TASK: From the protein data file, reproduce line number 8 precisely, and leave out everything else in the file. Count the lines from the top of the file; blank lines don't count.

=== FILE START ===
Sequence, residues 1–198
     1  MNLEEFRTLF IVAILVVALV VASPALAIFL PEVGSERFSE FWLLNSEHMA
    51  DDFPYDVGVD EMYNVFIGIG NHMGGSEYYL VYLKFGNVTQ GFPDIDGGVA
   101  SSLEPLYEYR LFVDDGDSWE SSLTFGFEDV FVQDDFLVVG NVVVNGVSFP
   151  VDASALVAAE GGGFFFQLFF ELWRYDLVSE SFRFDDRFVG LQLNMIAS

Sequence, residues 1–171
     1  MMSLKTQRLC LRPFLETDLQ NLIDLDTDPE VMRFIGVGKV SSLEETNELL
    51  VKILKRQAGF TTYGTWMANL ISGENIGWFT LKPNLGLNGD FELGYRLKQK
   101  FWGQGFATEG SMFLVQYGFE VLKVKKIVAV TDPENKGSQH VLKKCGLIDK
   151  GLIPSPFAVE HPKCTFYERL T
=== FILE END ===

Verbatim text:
    51  VKILKRQAGF TTYGTWMANL ISGENIGWFT LKPNLGLNGD FELGYRLKQK